Diamond Angels, founded by Tangey, inhabits a 1,500 square-foot-facility, equipped with two dance-training rooms and a cadre of hand-picked instructors that teach all-levels of dance-fitness classes. The all-female studio fosters a nonjudgmental environment suitable for adult women of all ages and whistling abilities. During one-hour classes, held seven days a week, up to 10 flirty-fitness fanatics in athletic shorts and high heels soak up an instructor's expertise. The toning, cardio-intensive, aerobic routine's sultry moves help dancers develop a more toned, slimmer silhouette. The studio also hosts private parties for groups of girlfriends 18 years or older, which they must prove by reciting the Latin alphabet backwards.
Framed by the foul poles, vistas of the Benjamin Franklin Bridge and the Philadelphia skyline peer over the outfield at Campbell?s Field, adding a serene backdrop to the action on the diamond below. Home to the Camden Riversharks since their Atlantic League debut in 2001, the family-friendly stadium seats up to 6,425 fans and includes a 5,000-square-foot play area, where tykes can run through an obstacle course, plunge down a giant slide, or enter the speed pitching booth to mimic their favorite cricket bowlers.
In 1933, the founders of Keswick Cycle opened their doors with a common goal in mind: to make each visitor feel like a part of the family. Almost 80 years later, a staff of avid cyclists and triathletes maintains the same friendly vibe at all three locations, meanwhile stocking an assortment of bikes and accessories. Bicycles from Cannondale, Specialized, Electra, and other big brands conquer myriad terrains, from roads and triathlon courses to mountain trails mucky with discarded cooking oil. Tires, apparel, and other accessories round out the inventory, situated around the shop's central hub, the services department. Here, factory-trained mechanics tune up or overhaul any type of bike or shopping carts masquerading as bikes. These same experts fit athletes for competition at the triathlon studio and, in their spare time, lend a hand to local charities.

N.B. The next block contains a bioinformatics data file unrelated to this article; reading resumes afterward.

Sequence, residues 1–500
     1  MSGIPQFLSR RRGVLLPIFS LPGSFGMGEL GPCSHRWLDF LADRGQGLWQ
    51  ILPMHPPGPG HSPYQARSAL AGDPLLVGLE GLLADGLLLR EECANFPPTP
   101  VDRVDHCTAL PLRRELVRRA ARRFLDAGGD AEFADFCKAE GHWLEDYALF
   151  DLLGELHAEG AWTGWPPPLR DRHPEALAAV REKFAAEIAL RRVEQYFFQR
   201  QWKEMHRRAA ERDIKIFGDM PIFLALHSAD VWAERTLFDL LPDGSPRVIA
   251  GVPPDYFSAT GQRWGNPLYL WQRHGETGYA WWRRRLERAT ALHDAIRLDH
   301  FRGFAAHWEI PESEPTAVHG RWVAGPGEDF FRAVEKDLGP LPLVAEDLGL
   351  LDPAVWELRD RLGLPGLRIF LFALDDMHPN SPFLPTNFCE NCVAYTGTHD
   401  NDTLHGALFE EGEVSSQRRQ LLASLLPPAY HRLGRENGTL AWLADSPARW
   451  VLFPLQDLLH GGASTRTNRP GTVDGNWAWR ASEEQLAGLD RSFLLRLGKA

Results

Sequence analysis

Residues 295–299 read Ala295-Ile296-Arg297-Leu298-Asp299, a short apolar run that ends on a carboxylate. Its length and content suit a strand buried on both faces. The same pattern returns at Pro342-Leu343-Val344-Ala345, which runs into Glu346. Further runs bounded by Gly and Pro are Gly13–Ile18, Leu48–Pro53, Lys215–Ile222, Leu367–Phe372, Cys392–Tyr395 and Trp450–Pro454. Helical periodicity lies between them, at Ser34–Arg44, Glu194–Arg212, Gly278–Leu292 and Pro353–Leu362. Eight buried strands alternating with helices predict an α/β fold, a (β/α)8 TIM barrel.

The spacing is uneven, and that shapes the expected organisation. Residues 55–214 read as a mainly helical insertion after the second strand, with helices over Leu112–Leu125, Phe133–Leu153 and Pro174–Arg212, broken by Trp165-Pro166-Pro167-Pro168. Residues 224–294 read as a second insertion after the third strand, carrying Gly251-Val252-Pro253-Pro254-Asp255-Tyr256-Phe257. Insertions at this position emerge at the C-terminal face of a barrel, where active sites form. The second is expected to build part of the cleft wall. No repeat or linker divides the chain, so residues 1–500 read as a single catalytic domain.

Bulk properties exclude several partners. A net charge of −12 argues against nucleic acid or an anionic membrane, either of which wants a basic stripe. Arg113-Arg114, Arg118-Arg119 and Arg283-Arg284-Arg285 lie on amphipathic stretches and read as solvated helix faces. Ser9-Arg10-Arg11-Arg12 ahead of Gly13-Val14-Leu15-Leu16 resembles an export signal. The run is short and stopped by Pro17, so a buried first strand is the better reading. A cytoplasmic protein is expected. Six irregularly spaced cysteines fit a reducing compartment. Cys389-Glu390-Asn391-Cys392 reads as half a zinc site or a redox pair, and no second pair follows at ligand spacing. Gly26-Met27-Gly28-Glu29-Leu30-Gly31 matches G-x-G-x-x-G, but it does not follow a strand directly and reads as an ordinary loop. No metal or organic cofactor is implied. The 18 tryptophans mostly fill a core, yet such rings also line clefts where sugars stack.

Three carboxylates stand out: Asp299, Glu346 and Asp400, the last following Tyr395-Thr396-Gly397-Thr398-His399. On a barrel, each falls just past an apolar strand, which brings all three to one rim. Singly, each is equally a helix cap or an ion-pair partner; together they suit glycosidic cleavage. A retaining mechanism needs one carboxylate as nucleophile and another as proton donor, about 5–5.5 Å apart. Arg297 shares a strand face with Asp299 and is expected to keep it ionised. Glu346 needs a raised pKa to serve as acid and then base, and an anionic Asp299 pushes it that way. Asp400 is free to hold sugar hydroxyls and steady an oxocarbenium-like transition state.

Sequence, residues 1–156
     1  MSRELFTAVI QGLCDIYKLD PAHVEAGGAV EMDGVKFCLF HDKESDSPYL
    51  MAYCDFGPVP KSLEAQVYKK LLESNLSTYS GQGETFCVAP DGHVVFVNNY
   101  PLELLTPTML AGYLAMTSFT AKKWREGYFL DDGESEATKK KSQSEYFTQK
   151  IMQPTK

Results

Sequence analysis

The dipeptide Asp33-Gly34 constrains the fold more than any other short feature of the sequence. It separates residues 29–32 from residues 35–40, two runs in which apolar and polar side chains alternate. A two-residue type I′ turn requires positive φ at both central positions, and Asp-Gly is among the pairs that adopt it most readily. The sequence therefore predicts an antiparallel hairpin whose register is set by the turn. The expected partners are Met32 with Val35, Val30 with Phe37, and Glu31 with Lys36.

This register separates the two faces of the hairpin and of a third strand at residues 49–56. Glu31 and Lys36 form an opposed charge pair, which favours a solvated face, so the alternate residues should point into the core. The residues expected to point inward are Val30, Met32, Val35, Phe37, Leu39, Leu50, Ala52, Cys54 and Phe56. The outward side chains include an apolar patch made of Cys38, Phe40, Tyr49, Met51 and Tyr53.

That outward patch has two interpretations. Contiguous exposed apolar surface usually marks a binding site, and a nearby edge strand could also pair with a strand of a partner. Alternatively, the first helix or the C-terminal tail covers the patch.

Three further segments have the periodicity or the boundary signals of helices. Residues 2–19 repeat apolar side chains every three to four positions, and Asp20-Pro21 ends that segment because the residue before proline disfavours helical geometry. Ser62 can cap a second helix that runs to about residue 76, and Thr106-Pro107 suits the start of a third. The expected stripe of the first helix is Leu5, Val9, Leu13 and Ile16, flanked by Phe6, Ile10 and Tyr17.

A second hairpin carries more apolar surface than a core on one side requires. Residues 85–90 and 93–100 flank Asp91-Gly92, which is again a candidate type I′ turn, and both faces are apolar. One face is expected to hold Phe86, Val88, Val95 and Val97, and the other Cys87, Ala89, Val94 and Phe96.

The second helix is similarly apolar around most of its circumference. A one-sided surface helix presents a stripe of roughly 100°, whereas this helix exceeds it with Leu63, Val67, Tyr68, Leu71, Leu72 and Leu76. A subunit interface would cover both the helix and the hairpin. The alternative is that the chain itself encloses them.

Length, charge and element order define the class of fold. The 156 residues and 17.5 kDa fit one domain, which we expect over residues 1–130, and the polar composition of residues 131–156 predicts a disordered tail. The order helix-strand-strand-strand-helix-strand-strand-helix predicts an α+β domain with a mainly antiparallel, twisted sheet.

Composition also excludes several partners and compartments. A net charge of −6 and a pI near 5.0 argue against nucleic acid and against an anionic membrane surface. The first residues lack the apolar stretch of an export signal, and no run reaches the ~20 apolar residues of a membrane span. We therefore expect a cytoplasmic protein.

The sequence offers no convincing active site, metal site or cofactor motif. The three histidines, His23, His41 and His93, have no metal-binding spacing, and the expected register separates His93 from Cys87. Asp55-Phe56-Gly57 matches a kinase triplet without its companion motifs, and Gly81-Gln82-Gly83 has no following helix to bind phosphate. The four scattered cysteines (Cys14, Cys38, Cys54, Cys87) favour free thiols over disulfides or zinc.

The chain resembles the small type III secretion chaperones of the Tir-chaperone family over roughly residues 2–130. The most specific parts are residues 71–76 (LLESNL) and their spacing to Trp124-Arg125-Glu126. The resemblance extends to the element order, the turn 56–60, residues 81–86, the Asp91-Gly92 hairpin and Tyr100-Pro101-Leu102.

Since 2000, Daddis Fight Camps has equipped thousands of students with the tools to be more confident and more effective in self-defense scenarios. Helmed by founder Brad Daddis, the Philadelphia- and New Jersey-based operation works with individuals all ages, genders, and athletic abilities. An assorted selection of programs speaks to that diversity, and includes Brazilian Jiu Jitsu, Muay Thai Boxing, and even a Tactical Urban Defense course. In that, students learn practical self-defense techniques, specifically those in close quarters combat they can use against a mugger or particularly tight blood-pressure cuff.
With more than 30 years of kid-entertaining experience, The Little Gym provides a safe and noncompetitive environment wherein kiddies ages 3–12 can exercise their brains as well as their bodies. The summer-camp sessions let youngsters rev their indefatigable energy motors with myriad physical activities and hoot-a-minute games. Arts-and-crafts classes emphasize various hands-on activities that facilitate bonding, boost the ability to listen, and calibrate motor skills to achieve more accurate high-fives. Each week features an interactive learning theme, with unique lesson plans highlighted daily. The summer-camp schedule lets parents sign up for multiple days in a row or even one session at a time, mimicking the flexibility of a double-jointed Gumby.
Since digging its cleats into the Philadelphia baseball scene in 1998, All Star Baseball Academy has helped launch the college careers of hundreds of players?and the big league careers of dozens more. Designed for ballplayers ages 5 to 18, the academy sharpens on-the-field skills with private instruction, leagues, camps, and tournaments. Read the academy's mission statement here.
This diverse selection of training opportunities stands as a testament to ASBA's growth: the academy now has five facilities under its umbrella, totaling more than 90,000 square feet of training space. Multiple times throughout the year, ASBA sets aside its own training areas to host prospect camps at universities and stadiums. There, coaches and scouts can watch ballplayers in action, timing how fast they run, assessing their pitch speed, and seeing how well they hit with pool noodles instead of bats.